Doubling Dip: is it the government’s fault?


So, Britain is officially in a ”double-dip” recession, just. In reality this is both more and less serious than it sounds. It is more serious because we are still a good 4% of GDP lower than we were at the start of the financial crisis in 2007. And that is probably between 10% or more below where we would have been if not for the banking crisis.

It is less serious because we’re really bumping along at zero growth, plus or minus less than half a percent. But the real question is, can or could the Government do anything about it?

There are four, inter-related, reasons for this double-dip, three of which the government is partially or wholly responsible for and could do something about. They are:

– lack of consumer confidence depressing household demand;
– lack of business confidence depressing demand and investment;
– depressed public sector demand, especially investment;
– international, and especially European, economic conditions.

Let’s deal with the last of these first, as it’s the Government’s current favorite alibi. It is true that the European economy, in particular, is entering a troubled period again but it hasn’t been that bad for the past two years whereas Britain has almost flatlined for the whole period. The European, and some other parts, slowing down are likely to make our situation worse now than it already is, but it wasn’t the prime cause. Of course there is little the UK government can do about it, except make it’s contribution, via the IMF, to trying to stop things getting even worse. Labour may be right to criticize the Germans for not stepping up to help bailout faltering Eurozone governments, but there is little alternative to ensuring the IMF can if necessary mount a bailout, given the Germans won’t.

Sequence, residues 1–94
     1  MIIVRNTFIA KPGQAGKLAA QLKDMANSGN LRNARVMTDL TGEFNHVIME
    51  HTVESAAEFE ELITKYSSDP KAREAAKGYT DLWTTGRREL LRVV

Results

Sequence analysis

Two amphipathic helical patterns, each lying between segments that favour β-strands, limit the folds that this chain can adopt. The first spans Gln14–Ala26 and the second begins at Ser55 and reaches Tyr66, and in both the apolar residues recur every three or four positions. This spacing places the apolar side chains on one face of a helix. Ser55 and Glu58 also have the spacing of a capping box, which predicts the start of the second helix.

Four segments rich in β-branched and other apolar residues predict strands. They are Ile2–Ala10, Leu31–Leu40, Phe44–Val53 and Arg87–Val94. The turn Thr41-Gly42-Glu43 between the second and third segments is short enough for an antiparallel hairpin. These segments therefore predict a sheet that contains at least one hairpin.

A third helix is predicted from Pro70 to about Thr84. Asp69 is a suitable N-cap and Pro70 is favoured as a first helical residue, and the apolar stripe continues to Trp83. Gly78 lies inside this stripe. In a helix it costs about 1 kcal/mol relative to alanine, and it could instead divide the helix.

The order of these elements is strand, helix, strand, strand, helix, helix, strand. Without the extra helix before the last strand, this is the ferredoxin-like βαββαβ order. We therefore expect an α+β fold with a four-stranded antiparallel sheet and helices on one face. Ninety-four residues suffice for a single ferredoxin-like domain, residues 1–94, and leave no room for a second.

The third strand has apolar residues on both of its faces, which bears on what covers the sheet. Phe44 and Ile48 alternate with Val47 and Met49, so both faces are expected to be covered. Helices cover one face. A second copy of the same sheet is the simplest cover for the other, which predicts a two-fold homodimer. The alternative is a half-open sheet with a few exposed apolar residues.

The issue of consumer and business lack of spending is a crucial one. Households are still preferring to pay down debt rather than spent, even when they can. Insecurity is crucial here, as it is for the businesses hanging on to a cash mountain equivalent to half of GDP (£750bn).herebthe government is at least partly to blame, and could do things to help. Hiking VAT didn’t exactly encourage spending, whilst cutting corporation tax doesn’t necessarily encourage investment. Targeted investment tax-breaks and a VAT reduction would help.

But what also seems to have happened here is that the Government, and especially the Chancellor, have helped to talk us into recession. The constant, exaggerated, cries of that we are the verge of becoming another Greece have taken their toll. People – households and businesses – have believed the rhetoric and are sensibly trying to hang onto their money in case things really do get that bad. And ironically they are helping to make to create just the situation they want to avoid.

Finally, public spending. Too far, too fast, cry Labour and to some extent they are right. But the cuts have been only about 20% implemented – there is much worse to come. The objective impact has hardly happened yet, but the symbolism has had, along with the prophecies of doom, the effect of undermining confidence. The, in some cases anticipatory, public sector jobs losses have made their contribution both psychologically and objectively, boosting unemployment and the generally gloomy mood.

Things are likely to get worse as the current public spending plans were predicated on growth that hasn’t happened. In Spending Review 2013 the demand for more and even bigger cuts will be based on both real economic and unreal ideological grounds. Debates are already erupting inside the coalition, with the Chancellor apparently planning a further £10bn raid on the welfare budget and Iain Duncan Smith resisting. Watch out for further skirmishes, possibly over health and definitely over international aid, both protected in the last Spending Review.

So, public spending and undermined household and business confidence resulting in a crash in demand and investment are probably the immediate causes of our bumping along the bottom. Both further spending cuts and a gloomy international prospect could make this even worse. To mark the government’s report ”could do better” would be an understatement. They could hardly have done any worse if they’d tried.

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About Colin Talbot

Professor of Government at the University of Manchester, England.
This entry was posted in Export, Whitehall. Bookmark the permalink.

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